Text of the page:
Proof Review: Friday The 13th (1980)

Release Date
May 9, 1980
Director
Sean S. Cunningham
Screenplay
Victor Miller
Distributed By
Paramount Pictures
Budget
$550,000
Horror, Mystery, Thriller
Rated R
95 minutes

Friday The 13th

Most people think they remember the story of Jason Vorhees and Camp Crystal Lake, but if you travel back to the original Friday the 13th film, you realize most of what you thought you knew was false. Seeing the 1980 version of Friday the 13th in the year 2012 is enjoyable on so many levels. Not only are you seeing the start of what would be become the matriarch for current formula slasher films, but your expectations are being toyed with what you know will eventually be produced out of the series.

There are ten murders in the original Friday the 13th (including one of a young Kevin Bacon) and [spoiler alert] none of them are actually committed by Jason Vorhees, though we often “forget” that he isn’t the killer in the first film. That is where our expectations are played with. If you haven’t seen the first film in quite some time or ever, but feel like you know the story from all the years of hearing about the franchise and the serial killer, as the deaths are occurring, you assume, as the original audiences did, that Jason is killing everyone. We hear his story and even see his drowning in the beginning of the film, but until the reveal occurs towards the end of the film, we are never quite sure. That sets this film apart from the rest. The Friday the 13th franchise has become notorious for recycling its formula, but if you look at the original, it is so different from the rest (as is Part 2), that you cannot help but respect where the franchise came from.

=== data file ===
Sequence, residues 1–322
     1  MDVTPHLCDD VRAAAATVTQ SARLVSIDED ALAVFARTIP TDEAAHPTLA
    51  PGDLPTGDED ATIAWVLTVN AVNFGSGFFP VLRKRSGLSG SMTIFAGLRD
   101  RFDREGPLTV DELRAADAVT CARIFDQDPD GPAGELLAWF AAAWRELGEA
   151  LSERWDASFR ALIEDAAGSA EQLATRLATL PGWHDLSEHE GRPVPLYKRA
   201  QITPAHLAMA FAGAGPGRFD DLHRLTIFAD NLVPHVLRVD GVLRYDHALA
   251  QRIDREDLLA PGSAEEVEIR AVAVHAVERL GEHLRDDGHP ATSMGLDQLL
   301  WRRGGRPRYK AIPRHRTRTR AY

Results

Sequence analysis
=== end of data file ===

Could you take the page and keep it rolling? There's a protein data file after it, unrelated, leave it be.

This series is all about sexually charged teenagers and brutal murders, and Friday the 13th definitely delivers on that front. Cinema was not quite at the current gore level in 1980, though there are some graphic scenes like throat-slitting that even surprised me for their era. The infamous “kakaka-hahaha” score sends effective chills, but the voyeuristic camera angles are in much need of perfecting and the entire film lacks the actual scares to keep the viewers on their toes.

Friday the 13th is a staple in the horror movie genre. With our assumptions played with and the difference between the original and the series to follow, the film offers a very interesting origin to such a prolific body of work and though Friday the 13th will never win an award for best horror film of all-time, it should at least gain “classic” status in the horror genre.

 

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